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Feb. 28, 2009 -- Six students stepped up to the microphone at the David C. Canegata Multipurpose Recreational Center Saturday and gave their all in the Rotary 4-Way Test Speech Contest.
The second annual competition, attended by 20 or so friends, family members and Rotarians, was sponsored by Rotary Club Harborside.
"This is an excellent opportunity for young people to tap into their creativity and share something they are passionate about," said Sonia L. Boyce, immediate past president of the Harborside Club. "They may speak about anything they are interested in as long as it meets the 4 Way Test."
The 4-Way Test is: Is it the truth? Is it fair to all concerned? Will it build good will and better friendships? Will it be beneficial to all concerned?
The students were judged on content with human interest appeal, clarity and expressiveness of language and vocabulary. The speeches needed to be well-organized, with an introduction, development and conclusion.
The delivery had to be clearly enunciated, with good eye contact and the ability to captivate the audience. The length of the speeches was to be between five and seven minutes.
"This is the first step in your journey to greater things," Boyce told all of the participants as she gave out certificates of participation.
Evanna Mills took first place with her speech on self-reliance. Mills, 16, attends St. Croix Central High School where she is a member of the National Honor Society.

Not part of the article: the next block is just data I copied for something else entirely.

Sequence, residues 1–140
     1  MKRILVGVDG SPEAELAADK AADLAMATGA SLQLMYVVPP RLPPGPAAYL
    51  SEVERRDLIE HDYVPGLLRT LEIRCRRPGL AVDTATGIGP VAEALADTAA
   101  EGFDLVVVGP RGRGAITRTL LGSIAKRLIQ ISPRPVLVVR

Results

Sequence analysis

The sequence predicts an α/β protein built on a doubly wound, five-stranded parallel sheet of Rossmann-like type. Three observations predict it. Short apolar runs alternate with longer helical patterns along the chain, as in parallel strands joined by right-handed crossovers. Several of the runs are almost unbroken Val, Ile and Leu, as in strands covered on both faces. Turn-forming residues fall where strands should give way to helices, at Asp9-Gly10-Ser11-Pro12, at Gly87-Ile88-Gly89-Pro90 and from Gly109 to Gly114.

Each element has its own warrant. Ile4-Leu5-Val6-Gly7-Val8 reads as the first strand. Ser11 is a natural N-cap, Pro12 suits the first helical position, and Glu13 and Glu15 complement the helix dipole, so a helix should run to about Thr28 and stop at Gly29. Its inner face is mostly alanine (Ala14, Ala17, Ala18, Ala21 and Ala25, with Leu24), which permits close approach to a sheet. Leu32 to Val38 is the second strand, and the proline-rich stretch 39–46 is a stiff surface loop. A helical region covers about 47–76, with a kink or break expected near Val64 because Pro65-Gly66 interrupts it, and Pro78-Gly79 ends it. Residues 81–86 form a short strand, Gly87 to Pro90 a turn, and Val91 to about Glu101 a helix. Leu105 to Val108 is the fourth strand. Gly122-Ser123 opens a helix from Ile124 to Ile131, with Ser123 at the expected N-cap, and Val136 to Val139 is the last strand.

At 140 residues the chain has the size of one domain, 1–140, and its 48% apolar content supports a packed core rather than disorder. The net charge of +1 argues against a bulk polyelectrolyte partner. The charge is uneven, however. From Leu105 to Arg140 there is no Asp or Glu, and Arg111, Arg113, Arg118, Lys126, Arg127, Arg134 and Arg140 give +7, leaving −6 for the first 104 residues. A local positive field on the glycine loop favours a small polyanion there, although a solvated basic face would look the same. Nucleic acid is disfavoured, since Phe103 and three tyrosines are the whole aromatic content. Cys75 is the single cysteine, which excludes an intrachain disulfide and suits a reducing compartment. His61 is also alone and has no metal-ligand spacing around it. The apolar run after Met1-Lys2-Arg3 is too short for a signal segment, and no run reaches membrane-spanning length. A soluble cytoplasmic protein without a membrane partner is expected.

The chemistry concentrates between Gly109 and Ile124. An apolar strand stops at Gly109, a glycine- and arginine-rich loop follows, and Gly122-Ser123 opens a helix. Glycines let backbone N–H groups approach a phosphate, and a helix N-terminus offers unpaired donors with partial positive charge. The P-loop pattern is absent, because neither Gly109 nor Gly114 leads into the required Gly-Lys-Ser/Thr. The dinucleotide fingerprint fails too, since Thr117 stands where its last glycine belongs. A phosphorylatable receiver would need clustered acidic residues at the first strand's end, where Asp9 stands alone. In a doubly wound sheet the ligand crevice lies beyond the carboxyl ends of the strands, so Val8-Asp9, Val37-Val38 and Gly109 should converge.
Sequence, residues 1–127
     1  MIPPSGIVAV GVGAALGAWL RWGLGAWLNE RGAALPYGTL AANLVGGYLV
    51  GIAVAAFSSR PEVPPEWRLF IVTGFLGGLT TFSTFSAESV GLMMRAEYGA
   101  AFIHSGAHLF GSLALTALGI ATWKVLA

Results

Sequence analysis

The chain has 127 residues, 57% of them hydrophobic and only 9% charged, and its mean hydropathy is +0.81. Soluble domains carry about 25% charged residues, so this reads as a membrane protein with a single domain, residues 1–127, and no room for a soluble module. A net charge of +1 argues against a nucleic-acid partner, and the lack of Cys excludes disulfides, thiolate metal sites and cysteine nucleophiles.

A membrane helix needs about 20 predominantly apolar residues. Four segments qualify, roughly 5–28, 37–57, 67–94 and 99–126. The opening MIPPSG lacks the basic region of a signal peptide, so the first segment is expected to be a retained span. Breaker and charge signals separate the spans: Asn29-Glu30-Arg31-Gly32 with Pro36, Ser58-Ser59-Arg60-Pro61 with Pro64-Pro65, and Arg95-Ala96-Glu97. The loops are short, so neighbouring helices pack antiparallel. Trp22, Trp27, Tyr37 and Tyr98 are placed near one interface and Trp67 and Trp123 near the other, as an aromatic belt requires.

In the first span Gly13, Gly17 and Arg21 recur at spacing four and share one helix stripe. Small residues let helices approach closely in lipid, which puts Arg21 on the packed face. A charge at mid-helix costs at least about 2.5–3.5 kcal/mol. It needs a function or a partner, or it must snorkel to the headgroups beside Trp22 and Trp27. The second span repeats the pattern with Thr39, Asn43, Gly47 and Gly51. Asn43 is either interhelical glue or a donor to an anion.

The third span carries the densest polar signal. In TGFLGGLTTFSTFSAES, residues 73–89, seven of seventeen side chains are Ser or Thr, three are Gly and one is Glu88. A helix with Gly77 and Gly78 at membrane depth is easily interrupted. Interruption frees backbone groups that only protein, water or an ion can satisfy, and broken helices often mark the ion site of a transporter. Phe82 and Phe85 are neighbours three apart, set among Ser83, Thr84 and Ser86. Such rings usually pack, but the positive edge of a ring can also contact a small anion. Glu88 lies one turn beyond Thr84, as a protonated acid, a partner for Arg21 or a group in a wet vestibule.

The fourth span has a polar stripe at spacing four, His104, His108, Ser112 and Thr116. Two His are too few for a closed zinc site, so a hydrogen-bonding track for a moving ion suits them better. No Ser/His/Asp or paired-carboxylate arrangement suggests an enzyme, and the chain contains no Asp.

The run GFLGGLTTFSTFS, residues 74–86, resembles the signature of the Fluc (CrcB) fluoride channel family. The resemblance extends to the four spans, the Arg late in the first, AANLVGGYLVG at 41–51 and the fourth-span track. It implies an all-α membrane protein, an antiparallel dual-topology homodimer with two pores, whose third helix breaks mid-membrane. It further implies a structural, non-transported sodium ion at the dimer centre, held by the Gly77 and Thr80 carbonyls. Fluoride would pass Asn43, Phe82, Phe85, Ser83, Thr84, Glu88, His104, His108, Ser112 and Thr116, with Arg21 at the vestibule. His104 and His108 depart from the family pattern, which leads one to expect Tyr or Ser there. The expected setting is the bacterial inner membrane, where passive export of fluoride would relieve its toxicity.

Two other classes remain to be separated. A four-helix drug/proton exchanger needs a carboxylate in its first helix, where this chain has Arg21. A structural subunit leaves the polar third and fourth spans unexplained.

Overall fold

"I feel grateful to have won," Mills said. "I just learned about the contest this past Wednesday."
Lennox Brian Mark and Murchtricia Charles tied for second place.
Mark, a senior at St. Croix Educational Complex, spoke about lifting the U.S. trade embargo with Cuba. Mark is also in the National Honor Society and on the school newspaper staff. He wants to major in political science and economics at an Ivy League school. He also took second place last year in the speech contest.
Charles, a sophomore at Central High School, gave a speech on single parenting. Charles has been in the academic quiz bowl and is a member of the Crucian Cooks Cuisine Club.
Haley Allick, a senior at Educational Complex, took third place with her speech about global warming. She said she wants to major in environmental studies or journalism when she goes to college next year.
The first place prize was a laptop computer, second was a $500 check and the third place winner got $300.
"Mills and Charles both did exceptionally well," said Cheryl Jeremiah Ambrose, coach and English teacher at Central High School. "Mills is very passionate about being independent and self reliant. Charles felt the topic, lived the topic and felt the passion."
Also participating were Educational Complex students Keywan Johnson and Dania Nero.
Judges were Rotarians Lionel Downer, Dorothy McIntosh, Howell and snowbird Rotarian Sisco Volpe from Boston. Political science professor Kula Francis of the University of the Virgin Islands also was a judge.
Back Talk


Share your reaction to this news with other Source readers. Please include headline, your name and city and state/country or island where you reside.